New guide navigates debt issues for separating couples

By Melissa Coade

Friday October 1, 2021

Michaelia Cash is set to introduce the government’s proposed Commonwealth Integrity Commission bill into parliament before the end of the year.
Michaelia Cash is set to introduce the government’s proposed Commonwealth Integrity Commission bill into parliament before the end of the year. (AAP Image/Mick Tsikas)

As part of its commitment under the Women’s Economic Security Statement 2020, the federal government has produced a resource to help separating couples understand their legal options about legacy debts tied to their failed relationship. 

The guide includes information about family law and consumer credit law, as well as referral services that can help a couple ‘proactively manage’ the dissolution of their partnership. It also offers guidance on how to divide responsibility for joint and other debts belonging to a couple, without having to resort to having the issue settled in court (where possible), and what rights exist during the different stages of separation. 

Minister for women senator Marise Payne and attorney-general Michaelia Cash announced the new guide in a joint statement released on Thursday. They said the resource had special focus on how to protect victims of financial abuse from the unfair division of assets and debts. 

“One party, often the woman, may assume sole responsibility for joint and other debts due to a fear of credit default, bankruptcy, harassment from collection agencies or eviction,” Payne said, also referring to the difficulty of resolving debt-sharing problems if a woman was also suffering from family violence.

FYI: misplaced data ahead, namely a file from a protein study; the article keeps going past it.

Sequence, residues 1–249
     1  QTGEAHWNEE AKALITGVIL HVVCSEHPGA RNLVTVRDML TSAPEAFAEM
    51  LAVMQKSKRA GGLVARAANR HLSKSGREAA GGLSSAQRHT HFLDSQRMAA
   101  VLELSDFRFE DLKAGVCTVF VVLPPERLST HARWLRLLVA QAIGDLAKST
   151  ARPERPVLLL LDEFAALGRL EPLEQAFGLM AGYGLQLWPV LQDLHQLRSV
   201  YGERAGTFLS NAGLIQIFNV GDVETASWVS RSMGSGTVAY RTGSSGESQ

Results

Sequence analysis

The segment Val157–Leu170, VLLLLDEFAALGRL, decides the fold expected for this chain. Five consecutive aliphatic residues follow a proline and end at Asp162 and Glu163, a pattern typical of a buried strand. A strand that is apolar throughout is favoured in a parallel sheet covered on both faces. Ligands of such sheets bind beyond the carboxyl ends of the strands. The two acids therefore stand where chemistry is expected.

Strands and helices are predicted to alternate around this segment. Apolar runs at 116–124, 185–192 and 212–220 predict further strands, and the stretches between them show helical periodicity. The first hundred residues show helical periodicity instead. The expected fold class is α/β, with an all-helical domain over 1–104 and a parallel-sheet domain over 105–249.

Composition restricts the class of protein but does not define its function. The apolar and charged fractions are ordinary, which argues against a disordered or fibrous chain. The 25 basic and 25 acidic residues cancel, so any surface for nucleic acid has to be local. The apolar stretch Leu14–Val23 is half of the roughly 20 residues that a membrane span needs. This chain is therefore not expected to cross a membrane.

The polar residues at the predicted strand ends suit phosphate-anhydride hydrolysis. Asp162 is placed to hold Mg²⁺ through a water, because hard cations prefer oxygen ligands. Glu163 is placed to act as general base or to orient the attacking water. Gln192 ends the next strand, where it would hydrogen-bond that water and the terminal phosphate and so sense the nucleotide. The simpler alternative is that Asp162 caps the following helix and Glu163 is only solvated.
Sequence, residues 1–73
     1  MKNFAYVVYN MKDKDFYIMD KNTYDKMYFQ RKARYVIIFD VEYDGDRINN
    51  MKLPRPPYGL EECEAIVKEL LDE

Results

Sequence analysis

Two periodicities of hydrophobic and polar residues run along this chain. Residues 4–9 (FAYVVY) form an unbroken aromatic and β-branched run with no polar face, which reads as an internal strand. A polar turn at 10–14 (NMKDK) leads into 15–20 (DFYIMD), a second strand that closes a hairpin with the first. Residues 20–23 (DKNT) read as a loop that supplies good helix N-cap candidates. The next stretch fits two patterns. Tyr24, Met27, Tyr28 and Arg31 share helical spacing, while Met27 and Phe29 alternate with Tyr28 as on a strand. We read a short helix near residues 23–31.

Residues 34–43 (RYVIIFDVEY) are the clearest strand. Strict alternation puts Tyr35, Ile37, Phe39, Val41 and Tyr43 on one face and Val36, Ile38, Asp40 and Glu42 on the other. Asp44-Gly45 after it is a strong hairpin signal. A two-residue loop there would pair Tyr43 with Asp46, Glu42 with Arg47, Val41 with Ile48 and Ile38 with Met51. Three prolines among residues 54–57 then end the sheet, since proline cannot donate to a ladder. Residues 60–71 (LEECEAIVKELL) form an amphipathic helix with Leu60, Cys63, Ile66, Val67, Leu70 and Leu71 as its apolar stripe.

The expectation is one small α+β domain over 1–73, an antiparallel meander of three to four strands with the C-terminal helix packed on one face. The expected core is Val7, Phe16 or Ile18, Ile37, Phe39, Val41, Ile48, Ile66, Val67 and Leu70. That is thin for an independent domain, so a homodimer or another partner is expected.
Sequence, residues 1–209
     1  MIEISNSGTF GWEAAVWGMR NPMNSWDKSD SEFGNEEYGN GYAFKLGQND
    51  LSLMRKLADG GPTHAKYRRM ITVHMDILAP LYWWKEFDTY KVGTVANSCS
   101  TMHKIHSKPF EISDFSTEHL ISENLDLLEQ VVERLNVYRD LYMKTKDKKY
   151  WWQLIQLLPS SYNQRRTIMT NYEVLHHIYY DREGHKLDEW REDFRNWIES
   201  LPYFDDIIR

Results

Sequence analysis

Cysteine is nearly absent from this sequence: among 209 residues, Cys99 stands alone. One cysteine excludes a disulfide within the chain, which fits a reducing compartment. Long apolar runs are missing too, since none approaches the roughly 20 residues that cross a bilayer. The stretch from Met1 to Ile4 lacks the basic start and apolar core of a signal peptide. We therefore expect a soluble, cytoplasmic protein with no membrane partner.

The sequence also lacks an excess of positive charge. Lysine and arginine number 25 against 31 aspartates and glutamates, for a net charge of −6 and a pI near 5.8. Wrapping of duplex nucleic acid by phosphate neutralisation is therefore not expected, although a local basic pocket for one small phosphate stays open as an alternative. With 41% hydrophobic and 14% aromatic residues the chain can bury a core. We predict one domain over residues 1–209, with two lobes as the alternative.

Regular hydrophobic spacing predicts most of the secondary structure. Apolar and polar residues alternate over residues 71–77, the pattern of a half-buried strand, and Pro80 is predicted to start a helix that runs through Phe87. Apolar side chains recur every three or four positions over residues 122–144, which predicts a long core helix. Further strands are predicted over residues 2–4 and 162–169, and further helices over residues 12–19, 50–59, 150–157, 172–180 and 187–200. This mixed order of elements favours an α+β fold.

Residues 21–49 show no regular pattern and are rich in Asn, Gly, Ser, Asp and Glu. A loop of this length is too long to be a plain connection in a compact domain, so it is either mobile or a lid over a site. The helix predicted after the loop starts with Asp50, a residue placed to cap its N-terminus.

By explaining how debts are dealt with under family law, the document outlines individuals’ financial and legal responsibilities, and where they can go to get more help. 

The A-G said that she hoped the guide would help prevent cases where one party was left to unfairly shoulder joint and other debts.

“Separating couples may not understand that consumer credit law options can assist when dealing with debts as part of a family law property dispute. 

“This guide puts relevant information together for users,” Senator Cash said. 

The ministers added the government delivered the guide as part of its ongoing commitment to supporting women’s safety and wellbeing in their homes, communities, workplaces and online. Its development was also informed by the preventing financial abuse project under the Fourth Action Plan of the National Plan to Reduce Violence against Women and their Children 2010-2022.


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